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Whitney Houston's casket photo: 'Reprehensible'?
Critics accuse the National Enquirer of crossing a line after it runs a front-page image of the late singer in an open coffin
This week, the supermarket-staple National Enquirer provocatively ran a photo of Whitney Houston's open casket on its front page.
This week, the supermarket-staple National Enquirer provocatively ran a photo of Whitney Houston's open casket on its front page.
National Enquirer
T

he National Enquirer is courting controversy for running what it touts as "the last photo" of the late singer Whitney Houston: A picture of the star's open casket at her wake. The decision to publish the private image is "disgusting and reprehensible," critics say, especially because the tabloid typically lines supermarket shelves in plain view of children. Meanwhile, the Enquirer's publisher has defended the photo as "beautiful," and 21 percent of those surveyed in a Fox News poll said they saw "absolutely nothing wrong" with the image. Did the Enquirer go too far?

It's unacceptable: "Images are news," says Dodai Stewart at Jezebel. That case was rightfully made when papers ran photos of Moammar Gadhafi's bloodied corpse. But a line exists, and the National Enquirer crossed it. We can assume this "invasive" photo was taken by someone close to the singer who immorally accepted a large payment to leak the pic. And making matters worse, this "disturbing" image runs alongside classless headlines about "Courtney from The Bachelor's 'pregnancy drama'" and Ashton Kutcher's "cougar hunting." Yuck. Whitney deserves better.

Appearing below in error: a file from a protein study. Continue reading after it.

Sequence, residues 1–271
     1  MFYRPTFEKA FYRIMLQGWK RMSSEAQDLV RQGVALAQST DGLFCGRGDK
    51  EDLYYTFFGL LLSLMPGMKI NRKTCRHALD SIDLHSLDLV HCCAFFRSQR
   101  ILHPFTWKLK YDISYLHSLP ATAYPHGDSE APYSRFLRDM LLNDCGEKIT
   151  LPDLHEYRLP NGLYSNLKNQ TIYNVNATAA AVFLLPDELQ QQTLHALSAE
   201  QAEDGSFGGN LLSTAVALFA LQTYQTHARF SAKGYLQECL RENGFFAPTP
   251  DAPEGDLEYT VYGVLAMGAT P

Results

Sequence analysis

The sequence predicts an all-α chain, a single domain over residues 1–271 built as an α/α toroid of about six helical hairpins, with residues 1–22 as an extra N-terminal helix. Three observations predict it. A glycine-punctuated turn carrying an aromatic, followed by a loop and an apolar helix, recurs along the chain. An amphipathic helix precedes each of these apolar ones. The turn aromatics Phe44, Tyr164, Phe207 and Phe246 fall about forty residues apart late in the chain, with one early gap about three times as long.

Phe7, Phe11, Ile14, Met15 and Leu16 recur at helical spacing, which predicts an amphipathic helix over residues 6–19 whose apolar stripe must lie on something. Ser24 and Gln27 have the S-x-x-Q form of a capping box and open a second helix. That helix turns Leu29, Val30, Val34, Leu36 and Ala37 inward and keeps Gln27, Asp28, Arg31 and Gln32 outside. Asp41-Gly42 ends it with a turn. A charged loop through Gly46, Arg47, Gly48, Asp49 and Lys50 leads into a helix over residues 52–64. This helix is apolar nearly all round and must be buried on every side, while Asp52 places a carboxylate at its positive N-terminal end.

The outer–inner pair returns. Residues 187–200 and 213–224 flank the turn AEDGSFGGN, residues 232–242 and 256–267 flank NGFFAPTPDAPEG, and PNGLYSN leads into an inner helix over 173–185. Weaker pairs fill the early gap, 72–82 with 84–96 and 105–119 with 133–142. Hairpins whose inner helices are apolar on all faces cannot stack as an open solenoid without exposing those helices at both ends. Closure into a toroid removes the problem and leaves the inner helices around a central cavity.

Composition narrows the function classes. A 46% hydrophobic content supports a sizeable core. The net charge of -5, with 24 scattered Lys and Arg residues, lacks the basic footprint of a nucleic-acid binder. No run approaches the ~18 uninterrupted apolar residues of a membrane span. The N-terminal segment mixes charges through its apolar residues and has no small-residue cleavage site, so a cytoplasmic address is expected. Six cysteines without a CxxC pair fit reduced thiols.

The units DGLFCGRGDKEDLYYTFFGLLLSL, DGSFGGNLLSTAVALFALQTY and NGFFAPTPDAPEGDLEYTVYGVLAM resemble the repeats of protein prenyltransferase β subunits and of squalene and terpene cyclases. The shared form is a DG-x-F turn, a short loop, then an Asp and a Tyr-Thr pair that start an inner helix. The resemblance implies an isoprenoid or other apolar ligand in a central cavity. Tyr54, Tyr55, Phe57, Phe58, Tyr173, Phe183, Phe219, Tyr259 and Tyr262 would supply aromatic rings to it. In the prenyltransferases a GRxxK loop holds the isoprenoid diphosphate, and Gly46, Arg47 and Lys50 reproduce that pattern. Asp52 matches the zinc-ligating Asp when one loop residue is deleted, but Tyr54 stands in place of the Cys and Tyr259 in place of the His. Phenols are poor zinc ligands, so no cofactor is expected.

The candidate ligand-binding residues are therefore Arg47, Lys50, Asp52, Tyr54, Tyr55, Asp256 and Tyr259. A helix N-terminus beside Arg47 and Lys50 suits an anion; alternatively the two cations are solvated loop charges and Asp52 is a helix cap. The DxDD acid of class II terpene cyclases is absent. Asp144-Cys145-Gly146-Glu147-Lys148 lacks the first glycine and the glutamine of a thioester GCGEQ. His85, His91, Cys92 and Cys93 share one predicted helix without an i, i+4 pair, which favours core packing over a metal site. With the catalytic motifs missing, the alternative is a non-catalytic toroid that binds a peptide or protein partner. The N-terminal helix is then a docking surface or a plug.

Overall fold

"This casket photo of Whitney Houston's dead body is now on newsstands everywhere"

Sadly, this is par for the course: Coverage of Houston's death has been one big "exercise in sensationalism," says Brent Lang at The Wrap. The National Enquirer front page is "on par with the photos of Houston's last meal and the bathtub she died in that TMZ ran immediately after her Feb. 11 death." And the Enquirer's "ghoulish glimpse at Whitney's wake" is just the tip of the iceberg. The "tawdry" article crassly reports the cost of the jewelry she was wearing and offers a red-carpet-like analysis of her outfit.
"Whitney Houston open casket photo graces National Enquirer cover"

Americans have, historically, sought out such images: National Enquirer isn't Reader's Digest, says Roy Greenslade at the U.K.'s Guardian. In 1977, the paper's front page featured a photo of Elvis Presley's open casket just days after his death. The nation was hardly scandalized: It became the paper's best-selling issue ever. Even more recently, photos of Michael Jackson's lifeless body were plastered all over the news during the trial of his doctor, Conrad Murray. This time around, the Enquirer will once again "sell many, many extra copies. That's life... and death."
"National Enquirer runs cover picture of Whitney Houston in a coffin"

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